Mark Lovell – consultant for the National Football League and World Wrestling Entertainment, director of the University of Pittsburgh Medical Center Concussion Program, and co-owner of ImPACT Applications, Inc., the Pittsburgh-based company that markets concussion management software – may not have disclosed financial conflicts of interest in grant applications to the National Institutes of Health over the last decade.
The substance of the applications themselves is accessible online, but the module relating to conflicts is blocked under old NIH rules. Those rules were recently revised to make conflict disclosures publicly viewable on grants moving forward.
Lovell has not responded to an email last Friday requesting clarification of his conflict disclosures. Susan Manko, the UPMC media relations specialist on sports concussions, has not responded to the same message, or to a fax or phone messages this morning.
Examination of NIH’s online database shows that between 2002 and 2005 Lovell was listed as the project leader on at least four grants from the federal agency for research on sports concussions and fMRI (functional magnetic resonance imaging). These grants totaled more than $2 million:
- $538,499 in 2002
- $554,652 in 2003
- $571,292 in 2004
- $588,429 in 2005
In 2007, Peter Keating of ESPN The Magazine revealed that Lovell – a Ph.D. neuropsychologist (not a medical doctor), who was the NFL’s director of neuropsychological testing – “is also the chairman of a company that sells testing software to NFL teams, a dual role which raises questions about conflicts of interest.” This new development raises the additional issue of whether undisclosed financial conflicts supported Lovell in securing public funding to underwrite the for-profit ImPACT Applications company’s research and development. (ImPACT stands for Immediate Post-Concussion Assessment and Cognitive Testing.)
Lovell joined UPMC in 2000. The medical center’s announcement of the formation of its new sports concussion program noted that he would be coordinating the efforts of other “nationally known sports concussion experts at UPMC — Joseph Maroon, MD, professor and a vice chairman of neurosurgery at the University of Pittsburgh School of Medicine, and team neurosurgeon for the Pittsburgh Steelers; and Charles Burke, MD, assistant professor of orthopaedic surgery at Pitt, team physician for the Pittsburgh Penguins, founder and director of the National Hockey League Concussion Program and current president of the NHL Team Physician Society. Also joining the UPMC concussion program staff is Michael Collins, PhD, who recently completed a neuropsychology fellowship at the Henry Ford Health System in Detroit, during which time he conducted two major multi-site studies involving concussion effects and return-to-play evaluation methods. The studies were published in the Sept. 8 and the Dec. 22, 1999 Journal of the American Medical Association.”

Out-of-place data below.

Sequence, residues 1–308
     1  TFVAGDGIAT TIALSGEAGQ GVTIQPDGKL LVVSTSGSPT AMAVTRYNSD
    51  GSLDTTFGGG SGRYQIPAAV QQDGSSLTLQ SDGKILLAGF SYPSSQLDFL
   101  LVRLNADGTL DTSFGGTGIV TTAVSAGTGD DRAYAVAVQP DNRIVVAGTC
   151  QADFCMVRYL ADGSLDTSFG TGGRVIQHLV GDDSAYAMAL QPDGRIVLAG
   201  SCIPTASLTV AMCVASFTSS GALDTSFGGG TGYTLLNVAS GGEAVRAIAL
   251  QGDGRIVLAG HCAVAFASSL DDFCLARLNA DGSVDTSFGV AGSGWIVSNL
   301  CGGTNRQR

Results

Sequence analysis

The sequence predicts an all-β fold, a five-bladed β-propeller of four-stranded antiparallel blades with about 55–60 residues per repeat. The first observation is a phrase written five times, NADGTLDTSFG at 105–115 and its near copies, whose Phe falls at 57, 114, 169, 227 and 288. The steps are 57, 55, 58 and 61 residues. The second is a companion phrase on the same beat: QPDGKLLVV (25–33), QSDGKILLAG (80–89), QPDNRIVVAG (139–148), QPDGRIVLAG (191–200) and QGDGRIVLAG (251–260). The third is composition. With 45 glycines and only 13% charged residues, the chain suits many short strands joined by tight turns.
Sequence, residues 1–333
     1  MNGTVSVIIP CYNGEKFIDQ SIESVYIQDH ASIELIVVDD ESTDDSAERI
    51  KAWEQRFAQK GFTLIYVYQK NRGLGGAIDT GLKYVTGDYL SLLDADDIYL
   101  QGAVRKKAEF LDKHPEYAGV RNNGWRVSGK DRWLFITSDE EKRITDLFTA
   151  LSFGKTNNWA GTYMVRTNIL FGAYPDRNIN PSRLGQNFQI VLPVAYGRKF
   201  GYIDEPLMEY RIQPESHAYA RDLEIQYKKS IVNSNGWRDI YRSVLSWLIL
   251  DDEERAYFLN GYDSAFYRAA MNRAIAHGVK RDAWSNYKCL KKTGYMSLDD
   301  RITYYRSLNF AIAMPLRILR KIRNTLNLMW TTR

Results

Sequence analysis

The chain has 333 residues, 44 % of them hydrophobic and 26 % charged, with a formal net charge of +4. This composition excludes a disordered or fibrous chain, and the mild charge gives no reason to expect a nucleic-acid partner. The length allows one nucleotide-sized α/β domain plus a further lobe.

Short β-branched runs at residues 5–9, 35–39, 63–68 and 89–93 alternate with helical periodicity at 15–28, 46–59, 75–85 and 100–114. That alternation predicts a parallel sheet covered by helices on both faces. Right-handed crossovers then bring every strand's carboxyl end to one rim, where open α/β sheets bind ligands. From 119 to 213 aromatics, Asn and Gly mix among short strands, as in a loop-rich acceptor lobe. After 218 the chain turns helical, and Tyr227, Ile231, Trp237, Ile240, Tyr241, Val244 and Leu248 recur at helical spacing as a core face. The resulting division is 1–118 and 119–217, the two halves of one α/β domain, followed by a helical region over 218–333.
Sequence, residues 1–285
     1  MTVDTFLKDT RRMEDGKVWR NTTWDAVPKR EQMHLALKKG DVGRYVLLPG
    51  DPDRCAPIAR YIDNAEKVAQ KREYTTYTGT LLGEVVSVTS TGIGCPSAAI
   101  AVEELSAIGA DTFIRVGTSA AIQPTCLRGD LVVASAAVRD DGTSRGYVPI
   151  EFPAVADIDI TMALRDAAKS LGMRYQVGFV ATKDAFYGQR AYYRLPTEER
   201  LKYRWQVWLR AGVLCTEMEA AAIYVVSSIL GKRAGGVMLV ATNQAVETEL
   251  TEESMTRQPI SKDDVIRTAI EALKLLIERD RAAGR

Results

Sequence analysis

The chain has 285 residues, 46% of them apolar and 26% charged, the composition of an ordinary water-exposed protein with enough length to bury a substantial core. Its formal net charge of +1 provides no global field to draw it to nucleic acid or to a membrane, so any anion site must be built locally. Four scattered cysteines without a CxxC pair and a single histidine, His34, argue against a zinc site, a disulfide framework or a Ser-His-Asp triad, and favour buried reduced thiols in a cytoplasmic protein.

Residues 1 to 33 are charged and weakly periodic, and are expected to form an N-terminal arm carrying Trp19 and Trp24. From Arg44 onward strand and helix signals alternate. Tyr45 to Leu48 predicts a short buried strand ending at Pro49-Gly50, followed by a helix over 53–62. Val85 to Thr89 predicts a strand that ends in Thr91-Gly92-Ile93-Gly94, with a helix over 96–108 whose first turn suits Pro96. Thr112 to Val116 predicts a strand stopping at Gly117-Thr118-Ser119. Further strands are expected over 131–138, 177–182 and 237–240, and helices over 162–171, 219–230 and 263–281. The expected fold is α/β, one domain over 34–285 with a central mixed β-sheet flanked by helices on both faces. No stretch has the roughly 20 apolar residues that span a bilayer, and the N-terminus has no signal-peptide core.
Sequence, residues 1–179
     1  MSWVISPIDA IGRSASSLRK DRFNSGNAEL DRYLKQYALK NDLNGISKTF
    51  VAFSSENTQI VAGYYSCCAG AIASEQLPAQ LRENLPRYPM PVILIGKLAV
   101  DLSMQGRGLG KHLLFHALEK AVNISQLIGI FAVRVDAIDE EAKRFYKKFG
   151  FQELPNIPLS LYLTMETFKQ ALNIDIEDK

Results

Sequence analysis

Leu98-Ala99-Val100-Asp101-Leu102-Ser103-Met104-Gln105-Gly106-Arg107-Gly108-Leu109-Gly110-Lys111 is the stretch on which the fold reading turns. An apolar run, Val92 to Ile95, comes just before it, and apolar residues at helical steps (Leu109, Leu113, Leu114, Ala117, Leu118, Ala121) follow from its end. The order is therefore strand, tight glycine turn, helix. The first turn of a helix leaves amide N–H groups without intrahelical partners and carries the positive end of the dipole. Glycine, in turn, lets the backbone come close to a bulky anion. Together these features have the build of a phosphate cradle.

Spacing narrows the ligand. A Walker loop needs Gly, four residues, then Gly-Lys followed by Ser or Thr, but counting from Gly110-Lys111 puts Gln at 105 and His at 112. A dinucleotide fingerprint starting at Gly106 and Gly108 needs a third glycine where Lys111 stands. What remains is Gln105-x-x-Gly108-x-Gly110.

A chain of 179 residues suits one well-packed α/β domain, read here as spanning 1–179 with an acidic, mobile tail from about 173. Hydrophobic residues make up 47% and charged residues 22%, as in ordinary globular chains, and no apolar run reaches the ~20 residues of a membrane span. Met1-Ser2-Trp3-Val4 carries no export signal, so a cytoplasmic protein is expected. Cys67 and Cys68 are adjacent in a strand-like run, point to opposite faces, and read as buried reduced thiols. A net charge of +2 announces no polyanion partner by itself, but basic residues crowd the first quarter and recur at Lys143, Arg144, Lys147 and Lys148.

Asked about NIH conflict-of-interest disclosure policies, the NIH Office of Extramural Research issued this statement:
Investigators are expected to disclose their significant financial interests to their institution (http://grants.nih.gov/grants/policy/coi/coi_faqs.htm#3184). The institution then determines if the significant financial interest constitutes a financial conflict of interest with the investigator’s NIH-funded research. The institution is required to report any identified FCOI [financial conflict of interest] to the NIH (http://grants.nih.gov/grants/policy/coi/coi_faqs.htm#3208) through the eRA Commons FCOI Module. With regard to public accessibility of financial conflicts of interest information, this is a new requirement of the revised regulations, and it is the responsibility of the institution to make the information available. Here is some additional information regarding the public accessibility requirement related to identified FCOIs: http://grants.nih.gov/grants/policy/coi/coi_faqs.htm#3205.
Note that we are currently in a window during which institutions are implementing the recent revisions to the regulations. Until institutions implement the changes required by the revised regulation, they will continue to operate using the 1995 regulations.
Though the 2002-2005 applications for grants on which Lovell was the project leader do not have publicly viewable online conflict-disclosure modules, the hard copies of those documents clearly seem to be public records. In addition to the NIH statement that “it is the responsibility of the institution to make the information available,” the University of Pittsburgh’s own online guidelines to faculty and staff regarding information requests states: “[W]hen you have successfully applied for a federal grant, your grant application is subject to release by the funding agency under FOIA [Freedom of Information Act].”
I am forwarding this post to Robert Hill, vice chancellor for public affairs at the University of Pittsburgh, with a request for release of the conflict-of-interest disclosures in Mark Lovell’s National Institutes of Health grant applications.
I also am forwarding this post to the NIH Office of Extramural Research with a request for release of the complete 2002-2005 Lovell grant applications under FOIA.
Finally, I am forwarding this post to all members of the Senate Commerce Committee, and soliciting comment from them. The committee last week held a hearing on corrupt marketing of anti-concussion products.
Published March 31st, 2010